Studies show there has only been incremental improvement in racial diversity and the representation of women in architecture in the last few years. Here, just weeks after the sector celebrated International Women in Architecture Day – also known as #EthelDay – Shaun Soanes explains why we need to push for more.
This is the picture – 95% of British architects are white and 80% are male.
Let’s face it, as a profession we need to be doing a lot more to address this.
Campaigning for diversity
This month a new campaign has been launched with the aim of encouraging diversity in the profession.
It focuses on a new film due to premiere at the Royal College of Art (RCA) this month called Celebrating Architecture which will be accompanied by architecture workshops for around 80 pupils from communities under-represented in the profession.
Among those featured on the film is 30-year-old Mark Warren who, at the age of 16, said he struggled to spell “architecture”, let alone consider entering the profession one day.
Now he’s an architect at a leading London practice.
Warren’s mother, originally from the Philippines, worked “day and night in a range of menial jobs” to make ends meet, so joining a profession such as architecture was not on Warren’s radar.
“No one in my family had been to university and, at the time, the thought of seven years’ studying without earning a penny was terrifying,” he said.
He was inspired by Neil Pinder at Graveney school, south-west London and it is Pinder – along with Venetia Wolfenden of the education and architecture consultancy Urban Learners – who made the film with funding from the Greater London Authority and the Architecture Foundation.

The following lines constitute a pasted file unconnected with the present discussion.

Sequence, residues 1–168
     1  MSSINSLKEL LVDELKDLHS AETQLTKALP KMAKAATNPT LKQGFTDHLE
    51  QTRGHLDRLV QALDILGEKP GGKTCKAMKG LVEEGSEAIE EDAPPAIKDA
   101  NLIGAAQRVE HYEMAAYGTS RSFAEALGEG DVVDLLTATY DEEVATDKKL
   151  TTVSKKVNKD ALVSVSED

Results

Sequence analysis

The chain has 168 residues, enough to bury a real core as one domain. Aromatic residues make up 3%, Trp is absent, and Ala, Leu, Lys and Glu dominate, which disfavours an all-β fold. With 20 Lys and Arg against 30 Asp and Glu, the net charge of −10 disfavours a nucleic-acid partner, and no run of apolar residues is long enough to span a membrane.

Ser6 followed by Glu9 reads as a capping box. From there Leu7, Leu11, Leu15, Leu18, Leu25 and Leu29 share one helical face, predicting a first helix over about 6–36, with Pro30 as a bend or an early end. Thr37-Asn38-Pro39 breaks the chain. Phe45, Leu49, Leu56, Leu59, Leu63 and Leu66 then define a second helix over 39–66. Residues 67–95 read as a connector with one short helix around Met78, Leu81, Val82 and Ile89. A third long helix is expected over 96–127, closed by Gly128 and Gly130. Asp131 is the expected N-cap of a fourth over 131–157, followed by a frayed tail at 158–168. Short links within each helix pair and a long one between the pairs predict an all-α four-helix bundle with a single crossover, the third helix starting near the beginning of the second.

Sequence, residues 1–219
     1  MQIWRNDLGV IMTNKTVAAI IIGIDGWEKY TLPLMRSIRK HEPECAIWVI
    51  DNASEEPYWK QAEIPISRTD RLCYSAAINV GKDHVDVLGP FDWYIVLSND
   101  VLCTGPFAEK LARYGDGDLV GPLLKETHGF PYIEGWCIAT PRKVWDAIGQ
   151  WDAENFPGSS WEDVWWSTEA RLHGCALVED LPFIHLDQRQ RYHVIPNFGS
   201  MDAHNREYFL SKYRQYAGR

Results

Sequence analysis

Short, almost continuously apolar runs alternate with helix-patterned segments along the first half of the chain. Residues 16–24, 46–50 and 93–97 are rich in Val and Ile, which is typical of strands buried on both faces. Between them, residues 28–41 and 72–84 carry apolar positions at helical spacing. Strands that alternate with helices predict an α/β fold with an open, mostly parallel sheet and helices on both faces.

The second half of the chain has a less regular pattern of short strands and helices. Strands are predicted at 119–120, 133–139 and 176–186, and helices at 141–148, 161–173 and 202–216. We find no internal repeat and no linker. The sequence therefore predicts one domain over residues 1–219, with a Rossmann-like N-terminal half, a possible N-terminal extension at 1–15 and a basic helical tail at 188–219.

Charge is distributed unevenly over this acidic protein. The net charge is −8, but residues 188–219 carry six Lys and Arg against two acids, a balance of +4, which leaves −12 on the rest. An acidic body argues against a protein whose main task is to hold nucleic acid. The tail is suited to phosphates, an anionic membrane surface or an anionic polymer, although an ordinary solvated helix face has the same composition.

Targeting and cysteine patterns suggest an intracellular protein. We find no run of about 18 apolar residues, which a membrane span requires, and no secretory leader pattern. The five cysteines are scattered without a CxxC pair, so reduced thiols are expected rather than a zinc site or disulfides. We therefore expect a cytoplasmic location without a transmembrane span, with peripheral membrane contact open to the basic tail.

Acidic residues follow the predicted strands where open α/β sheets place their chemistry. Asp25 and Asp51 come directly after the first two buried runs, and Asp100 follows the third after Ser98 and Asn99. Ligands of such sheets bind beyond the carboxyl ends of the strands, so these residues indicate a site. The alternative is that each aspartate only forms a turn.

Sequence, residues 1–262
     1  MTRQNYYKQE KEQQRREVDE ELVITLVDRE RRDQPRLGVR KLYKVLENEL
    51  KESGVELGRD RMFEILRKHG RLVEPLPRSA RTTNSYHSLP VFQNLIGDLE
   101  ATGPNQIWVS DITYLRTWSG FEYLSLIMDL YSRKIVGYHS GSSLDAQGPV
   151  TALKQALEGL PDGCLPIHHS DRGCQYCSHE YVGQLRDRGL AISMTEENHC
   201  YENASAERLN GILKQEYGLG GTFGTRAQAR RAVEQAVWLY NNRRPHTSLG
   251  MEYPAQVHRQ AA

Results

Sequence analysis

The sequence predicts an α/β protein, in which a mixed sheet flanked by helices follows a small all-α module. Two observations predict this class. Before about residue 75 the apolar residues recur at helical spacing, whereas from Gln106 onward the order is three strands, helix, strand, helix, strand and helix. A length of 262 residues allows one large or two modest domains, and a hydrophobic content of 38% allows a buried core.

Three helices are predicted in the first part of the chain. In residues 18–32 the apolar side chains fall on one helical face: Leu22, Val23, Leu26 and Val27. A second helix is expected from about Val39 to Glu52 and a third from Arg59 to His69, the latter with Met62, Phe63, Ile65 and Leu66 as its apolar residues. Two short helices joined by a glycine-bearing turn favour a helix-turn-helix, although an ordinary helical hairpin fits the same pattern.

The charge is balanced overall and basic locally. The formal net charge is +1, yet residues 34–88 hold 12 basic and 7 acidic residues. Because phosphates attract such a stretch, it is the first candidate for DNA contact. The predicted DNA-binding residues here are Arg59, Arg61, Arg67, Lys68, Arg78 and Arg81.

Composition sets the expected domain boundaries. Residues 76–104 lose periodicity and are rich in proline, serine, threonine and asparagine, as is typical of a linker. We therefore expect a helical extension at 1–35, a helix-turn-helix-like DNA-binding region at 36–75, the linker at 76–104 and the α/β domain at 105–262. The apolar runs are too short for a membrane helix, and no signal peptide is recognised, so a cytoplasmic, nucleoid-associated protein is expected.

“The industry is beginning to recognise the need for diversity in the built environment and hopefully this film will bring the message to a wider audience,” Wolfenden said.
A female perspective
Ethnic minorities are not the only group under-represented in our industry.
After all, women have only had access to positions where they could engage in the shape and evolution of cities for the last 100 years.
Ethel Charles, the first female architect in Britain was registered with the RIBA in 1898 and women have only had the vote for 90 years.
This means that architects, engineers, planners, developers, politicians – women with a direct role in the shaping of the environment – have only been “in action” for one generation.
In short, 50% of human creative intelligence has been – and to a certain extent remains – stifled.
The Royal Institute of British Architects agrees the profession needs to change.
Lucy Carmichael, RIBA director of practice said: “Architecture should be a rewarding career for talented people regardless of any aspect of their identity, but we have some way to go before the UK architecture profession, or construction industry, properly reflects the diversity of society at large.”
She added that the organisation is “supporting women’s progression in architecture through nationwide mentoring resources and have initiatives in place to reduce the gender pay gap”.
Making a change
Our industry is perceived as a predominantly white ‘old boys’ club’ which is largely unwilling to recognise it has a problem.
But the data speaks volumes and I hope, will provoke the profession to act.
After all, the built environment can only thrive with representation from all those who are charged with creating the spaces and places we all share.